Some members of the media and fans have been quick to label the fight as a 'fluke' and 'rigged' which in the end is no surprise to me. That always happens in the sports world. Many did not believe we would get this result yet failed to remember the one rule of sports -- expect the unexpected. Over the past week, I've been coming to the defense of Ruiz Jr. in the wake of others choosing to call him a joke.

I was shocked and surprised to hear two of my favorite sports analysts, Stephen A. Smith and Shannon Sharpe, make fun of Ruiz Jr. and frame him as just a guy that looked like 'Butterbean.' When I viewed their tweets on social media it honestly made me upset. Sure, Ruiz Jr. may not have fit the mold of what a professional boxer should look like, but they simply should not have just judged a book by its cover.

Personally, I thought it was disrespectful for Smith and Sharpe to throw shade at Ruiz Jr. in the way they did. I felt like they should have done a better job of acknowledging the winner considering the result of the match. Yet choosing to bash someone because of their physical composition appeared like a low blow. The very foundation of sports allows people of all shapes, sizes, genders, races, and backgrounds to compete -- that's why most people follow them in the first place.

Smith was open behind his reasoning for his tweets in which I'd like to shed some light on. Smith was upset about how boxing time after time contains elements of corruption with fans having to wait years until promoters schedule big fights. He along with other followers of the sport were looking forward to the highly anticipated yet potential future match-up between Joshua and fellow heavyweight Deontay Wilder. Smith believes that by Ruiz Jr. beating Joshua it essentially diminished the chances of that fight ever happening with the same amount of buildup, but that still doesn't provide any excuse for mocking the new heavyweight champ.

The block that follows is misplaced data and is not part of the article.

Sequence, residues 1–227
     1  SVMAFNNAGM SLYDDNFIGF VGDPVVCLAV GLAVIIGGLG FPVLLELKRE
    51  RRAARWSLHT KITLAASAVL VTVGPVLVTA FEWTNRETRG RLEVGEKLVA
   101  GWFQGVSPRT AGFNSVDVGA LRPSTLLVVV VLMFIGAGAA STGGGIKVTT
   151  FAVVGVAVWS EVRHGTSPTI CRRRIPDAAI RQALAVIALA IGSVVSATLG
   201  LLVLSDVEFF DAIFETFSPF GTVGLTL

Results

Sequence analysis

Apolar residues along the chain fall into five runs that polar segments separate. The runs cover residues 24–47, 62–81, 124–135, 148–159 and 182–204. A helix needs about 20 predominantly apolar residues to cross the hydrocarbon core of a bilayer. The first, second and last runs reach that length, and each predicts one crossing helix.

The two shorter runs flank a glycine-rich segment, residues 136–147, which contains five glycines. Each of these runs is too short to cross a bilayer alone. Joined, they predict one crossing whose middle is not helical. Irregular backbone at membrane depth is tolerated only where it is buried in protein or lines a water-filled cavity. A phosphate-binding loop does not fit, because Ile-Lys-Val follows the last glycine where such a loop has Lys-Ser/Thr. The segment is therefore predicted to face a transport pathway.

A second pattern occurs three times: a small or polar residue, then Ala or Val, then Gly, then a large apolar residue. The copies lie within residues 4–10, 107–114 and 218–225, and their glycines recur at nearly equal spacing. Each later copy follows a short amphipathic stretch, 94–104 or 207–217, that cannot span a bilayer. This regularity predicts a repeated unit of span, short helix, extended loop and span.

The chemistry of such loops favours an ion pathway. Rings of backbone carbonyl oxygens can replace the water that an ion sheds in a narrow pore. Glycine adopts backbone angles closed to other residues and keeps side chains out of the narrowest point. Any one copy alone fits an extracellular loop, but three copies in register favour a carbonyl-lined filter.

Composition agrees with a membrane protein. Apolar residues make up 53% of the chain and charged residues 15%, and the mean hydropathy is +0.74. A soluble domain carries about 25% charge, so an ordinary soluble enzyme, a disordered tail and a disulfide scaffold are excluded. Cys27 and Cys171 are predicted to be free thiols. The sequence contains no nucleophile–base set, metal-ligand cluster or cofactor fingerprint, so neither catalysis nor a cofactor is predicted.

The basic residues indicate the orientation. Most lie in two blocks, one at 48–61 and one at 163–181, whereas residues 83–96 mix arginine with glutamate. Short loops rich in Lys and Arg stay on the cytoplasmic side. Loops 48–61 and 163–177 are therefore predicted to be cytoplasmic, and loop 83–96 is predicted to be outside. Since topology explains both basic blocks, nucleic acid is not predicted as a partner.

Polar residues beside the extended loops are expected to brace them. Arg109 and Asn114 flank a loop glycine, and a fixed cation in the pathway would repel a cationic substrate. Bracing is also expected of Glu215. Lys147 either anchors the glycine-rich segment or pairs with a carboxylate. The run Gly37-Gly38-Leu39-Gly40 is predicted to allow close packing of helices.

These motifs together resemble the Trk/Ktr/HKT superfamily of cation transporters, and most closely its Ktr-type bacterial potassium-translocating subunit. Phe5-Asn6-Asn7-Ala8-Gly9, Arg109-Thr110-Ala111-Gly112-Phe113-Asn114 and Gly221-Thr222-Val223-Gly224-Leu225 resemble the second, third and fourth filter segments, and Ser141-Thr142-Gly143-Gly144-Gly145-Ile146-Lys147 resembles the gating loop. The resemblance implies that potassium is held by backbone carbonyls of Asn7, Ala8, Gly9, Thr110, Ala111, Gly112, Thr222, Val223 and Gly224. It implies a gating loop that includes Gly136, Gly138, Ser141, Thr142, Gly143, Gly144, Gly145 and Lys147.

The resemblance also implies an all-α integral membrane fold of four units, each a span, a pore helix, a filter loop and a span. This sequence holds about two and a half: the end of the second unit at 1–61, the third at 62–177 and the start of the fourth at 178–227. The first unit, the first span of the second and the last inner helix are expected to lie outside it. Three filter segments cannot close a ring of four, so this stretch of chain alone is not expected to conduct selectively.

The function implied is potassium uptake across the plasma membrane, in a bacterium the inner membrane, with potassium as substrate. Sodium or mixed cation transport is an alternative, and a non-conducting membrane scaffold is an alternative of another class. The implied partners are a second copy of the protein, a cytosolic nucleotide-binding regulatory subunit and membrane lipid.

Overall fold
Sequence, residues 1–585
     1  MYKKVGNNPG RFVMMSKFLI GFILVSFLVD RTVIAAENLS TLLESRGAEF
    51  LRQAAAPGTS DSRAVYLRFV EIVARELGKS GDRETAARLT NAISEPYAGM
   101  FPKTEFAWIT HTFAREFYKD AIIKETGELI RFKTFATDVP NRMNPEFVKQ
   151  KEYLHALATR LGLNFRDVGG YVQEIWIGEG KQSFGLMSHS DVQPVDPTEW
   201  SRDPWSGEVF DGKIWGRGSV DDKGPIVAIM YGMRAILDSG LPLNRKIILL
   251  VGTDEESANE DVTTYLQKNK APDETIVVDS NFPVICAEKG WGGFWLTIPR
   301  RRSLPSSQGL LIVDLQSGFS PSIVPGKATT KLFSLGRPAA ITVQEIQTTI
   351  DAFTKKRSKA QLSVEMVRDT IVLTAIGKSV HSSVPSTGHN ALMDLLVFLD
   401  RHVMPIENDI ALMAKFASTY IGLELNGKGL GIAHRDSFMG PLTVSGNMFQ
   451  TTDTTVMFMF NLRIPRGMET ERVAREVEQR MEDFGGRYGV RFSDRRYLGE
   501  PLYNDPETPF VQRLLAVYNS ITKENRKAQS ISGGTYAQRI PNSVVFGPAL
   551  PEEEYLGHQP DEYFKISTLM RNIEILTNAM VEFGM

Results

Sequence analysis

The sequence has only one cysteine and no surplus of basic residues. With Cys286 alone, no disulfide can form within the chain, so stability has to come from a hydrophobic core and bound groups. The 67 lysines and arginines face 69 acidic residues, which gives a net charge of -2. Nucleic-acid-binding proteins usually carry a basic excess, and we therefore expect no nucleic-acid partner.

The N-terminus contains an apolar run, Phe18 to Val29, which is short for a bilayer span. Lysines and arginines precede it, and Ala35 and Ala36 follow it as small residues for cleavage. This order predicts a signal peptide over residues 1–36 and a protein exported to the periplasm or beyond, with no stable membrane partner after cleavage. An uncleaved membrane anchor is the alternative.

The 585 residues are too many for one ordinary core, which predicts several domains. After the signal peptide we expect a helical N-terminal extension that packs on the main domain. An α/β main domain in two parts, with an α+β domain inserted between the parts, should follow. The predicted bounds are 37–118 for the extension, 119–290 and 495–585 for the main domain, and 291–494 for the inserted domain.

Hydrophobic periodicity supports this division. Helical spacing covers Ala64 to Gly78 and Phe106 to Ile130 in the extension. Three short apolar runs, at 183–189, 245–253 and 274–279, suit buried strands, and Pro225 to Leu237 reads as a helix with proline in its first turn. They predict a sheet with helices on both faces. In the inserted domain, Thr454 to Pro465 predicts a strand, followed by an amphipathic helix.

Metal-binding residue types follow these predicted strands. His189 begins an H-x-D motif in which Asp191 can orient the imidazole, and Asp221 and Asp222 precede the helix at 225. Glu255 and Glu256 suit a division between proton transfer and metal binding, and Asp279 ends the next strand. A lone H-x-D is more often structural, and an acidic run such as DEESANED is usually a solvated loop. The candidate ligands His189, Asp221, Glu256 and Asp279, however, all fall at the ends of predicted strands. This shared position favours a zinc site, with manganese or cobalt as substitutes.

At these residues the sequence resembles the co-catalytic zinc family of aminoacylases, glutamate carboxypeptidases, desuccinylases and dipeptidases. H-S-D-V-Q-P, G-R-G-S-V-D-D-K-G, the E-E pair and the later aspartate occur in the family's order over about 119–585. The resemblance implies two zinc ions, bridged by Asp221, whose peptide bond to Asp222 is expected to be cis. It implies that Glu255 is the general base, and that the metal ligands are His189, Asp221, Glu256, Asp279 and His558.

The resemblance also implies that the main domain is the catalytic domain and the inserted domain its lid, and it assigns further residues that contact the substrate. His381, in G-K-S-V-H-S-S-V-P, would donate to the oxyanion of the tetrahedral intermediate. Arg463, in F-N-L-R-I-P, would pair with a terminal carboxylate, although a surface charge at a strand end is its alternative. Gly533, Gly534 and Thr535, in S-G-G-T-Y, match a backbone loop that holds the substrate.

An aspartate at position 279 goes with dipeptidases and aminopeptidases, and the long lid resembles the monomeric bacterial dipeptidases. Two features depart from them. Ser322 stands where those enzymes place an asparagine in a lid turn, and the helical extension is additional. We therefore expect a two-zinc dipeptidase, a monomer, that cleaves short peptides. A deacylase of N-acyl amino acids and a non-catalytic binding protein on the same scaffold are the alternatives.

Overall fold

Ruiz Jr. was there for a reason and ultimately seized the opportunity that was right in front of him -- that's not his fault for getting the job done. Just because someone doesn't look like the part doesn't mean they don't possess the same qualities and characteristics as their counterparts. The following pair of videos display the amount of talent Ruiz Jr. does have in the ring. Even fellow boxer Canelo Alvarez and former UFC lightweight/featherweight champion Conor McGregor acknowledge that and have come out to say something on their behalf.

Unfortunately, I don't expect much to change because most will stand their ground and continue to behave the same way. All I'm saying is I did not enjoy some of the top figures within sports media stereotyping Ruiz Jr. based on his looks. I would think that we would be better than that and recognize that anyone can accomplish something great in this world. It all just starts with a simple dream.

I understand and respect other people's takes on this subject, maybe I'm looking into things deeper than what they are, but it struck a chord with me and I felt the need to say something about it.